Forward Thinking

King Juan Carlos Gone — Can Sephardic Jews Still Return?

By Josh Nathan-Kazis

  • Print
  • Share Share

Spain’s King Juan Carlos / Getty Images

If Juan Carlos didn’t entirely reconcile Spain and the Sephardic Jews, it wasn’t for lack of trying.

The Spanish king announced his abdication this morning, 39 years into a reign that stands both as an argument for monarchy and an argument against it.

Lionized for shepherding Spain through its democratic transition in the 1970s, Juan Carlos has seen his approval ratings crater as scandals and economic crisis have eroded faith in the Spanish monarchy.

To many Sephardic Jews, the king was not only a symbol of Spain’s resurgent democracy, but of the country’s efforts to atone for the anti-Jewish sins of its past, however ham-fisted some of those efforts turned out to be.

It’s safe to say that, from a Sephardic perspective, Juan Carlos was the best Spanish king in over half a millennium. An heir to the throne of Queen Isabella and King Ferdinand, who expelled Spain’s Jews in 1492, Juan Carlos asserted that their descendants remained a part of Spain. In 1992, the king attended a ceremony at Madrid’s main synagogue, a symbolically weighty moment in a country that actively persecuted hidden Jews for centuries.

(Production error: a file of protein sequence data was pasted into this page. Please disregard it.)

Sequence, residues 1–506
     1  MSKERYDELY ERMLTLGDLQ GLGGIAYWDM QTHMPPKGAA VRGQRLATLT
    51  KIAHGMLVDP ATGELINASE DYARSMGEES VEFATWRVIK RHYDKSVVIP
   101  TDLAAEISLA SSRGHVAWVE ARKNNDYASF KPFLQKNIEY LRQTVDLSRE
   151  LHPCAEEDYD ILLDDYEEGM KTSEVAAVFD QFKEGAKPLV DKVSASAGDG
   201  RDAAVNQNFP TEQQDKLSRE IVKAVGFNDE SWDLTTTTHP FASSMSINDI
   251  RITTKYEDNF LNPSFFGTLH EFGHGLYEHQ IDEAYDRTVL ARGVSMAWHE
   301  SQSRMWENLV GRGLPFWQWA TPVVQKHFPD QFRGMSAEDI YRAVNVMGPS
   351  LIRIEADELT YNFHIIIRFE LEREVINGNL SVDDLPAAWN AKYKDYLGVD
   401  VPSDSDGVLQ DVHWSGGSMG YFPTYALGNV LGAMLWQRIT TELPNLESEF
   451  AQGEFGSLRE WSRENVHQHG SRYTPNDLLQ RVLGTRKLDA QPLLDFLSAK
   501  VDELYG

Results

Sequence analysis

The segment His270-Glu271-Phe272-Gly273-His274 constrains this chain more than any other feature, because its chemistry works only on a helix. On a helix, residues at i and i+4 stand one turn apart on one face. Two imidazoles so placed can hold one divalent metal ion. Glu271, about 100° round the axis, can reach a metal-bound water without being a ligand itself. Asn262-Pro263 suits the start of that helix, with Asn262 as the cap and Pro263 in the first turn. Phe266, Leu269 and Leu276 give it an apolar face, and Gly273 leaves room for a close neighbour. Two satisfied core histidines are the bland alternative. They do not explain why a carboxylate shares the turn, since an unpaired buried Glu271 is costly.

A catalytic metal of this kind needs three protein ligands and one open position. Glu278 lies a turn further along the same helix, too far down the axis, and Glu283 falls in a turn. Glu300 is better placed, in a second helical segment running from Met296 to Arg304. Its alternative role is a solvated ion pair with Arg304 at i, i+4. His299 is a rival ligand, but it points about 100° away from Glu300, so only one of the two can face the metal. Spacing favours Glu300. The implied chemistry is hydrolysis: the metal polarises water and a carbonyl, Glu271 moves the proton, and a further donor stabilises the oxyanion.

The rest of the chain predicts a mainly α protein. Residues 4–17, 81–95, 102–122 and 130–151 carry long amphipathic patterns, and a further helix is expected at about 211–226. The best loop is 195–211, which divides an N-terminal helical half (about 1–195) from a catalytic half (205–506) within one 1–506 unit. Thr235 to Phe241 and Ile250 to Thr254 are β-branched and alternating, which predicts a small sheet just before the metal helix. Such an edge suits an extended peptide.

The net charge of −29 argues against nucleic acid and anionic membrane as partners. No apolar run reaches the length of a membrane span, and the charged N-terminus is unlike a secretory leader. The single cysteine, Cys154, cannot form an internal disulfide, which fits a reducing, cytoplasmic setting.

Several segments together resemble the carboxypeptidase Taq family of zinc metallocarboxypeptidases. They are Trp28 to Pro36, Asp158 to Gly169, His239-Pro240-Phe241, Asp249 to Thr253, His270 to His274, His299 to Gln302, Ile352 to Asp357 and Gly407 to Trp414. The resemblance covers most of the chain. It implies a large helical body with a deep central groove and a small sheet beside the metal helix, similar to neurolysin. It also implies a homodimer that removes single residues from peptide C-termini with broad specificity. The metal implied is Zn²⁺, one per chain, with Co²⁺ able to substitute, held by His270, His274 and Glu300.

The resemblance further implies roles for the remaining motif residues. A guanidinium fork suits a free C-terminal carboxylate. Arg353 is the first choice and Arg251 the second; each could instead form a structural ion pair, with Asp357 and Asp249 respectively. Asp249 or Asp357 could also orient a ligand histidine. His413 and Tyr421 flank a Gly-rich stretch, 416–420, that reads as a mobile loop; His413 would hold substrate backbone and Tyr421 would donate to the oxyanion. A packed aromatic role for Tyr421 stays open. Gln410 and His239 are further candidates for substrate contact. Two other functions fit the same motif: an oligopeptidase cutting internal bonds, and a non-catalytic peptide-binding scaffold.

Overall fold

In the years following that meeting, tens of thousands of Jews immigrated to Spain from Latin America — not Sephardic descendants of the expelled Spanish Jews, but Ashkenazi Jews fleeing economic and political unrest. Today, 45,000 Jews live in Spain, many multiples of the population when Juan Carlos came to power.

It’s hard not to admire the old king. The grandson of the exiled Alfonso XIII, who backed Franco during the Civil War, Juan Carlos was groomed to rule after Franco’s death. Once on the throne, however, instead of exercising the absolute power he had inherited, Juan Carlos guided Spain through a uniquely peaceful democratic transition. In 1981, the king quashed a coup attempt by reactionary military officers, effectively consolidating Spain’s nascent democracy.

The latter years of Juan Carlos’s reign, however, have been fraught. Spain is in crisis. The king’s abdication came after days of riots in Barcelona, just the latest example of the unrest that has grown increasingly common there. Youth unemployment in Spain is over 50%. The Catalonian independence movement threatens the integrity of the Spanish state.

The monarch’s behavior in the face of these crises has, at times, been aloof. In one oft-cited debacle, the king traveled to Botswana for a hugely expensive elephant hunting trip in 2012, a trip that was meant to be secret until he broke his hip and had to be flown home on a private jet.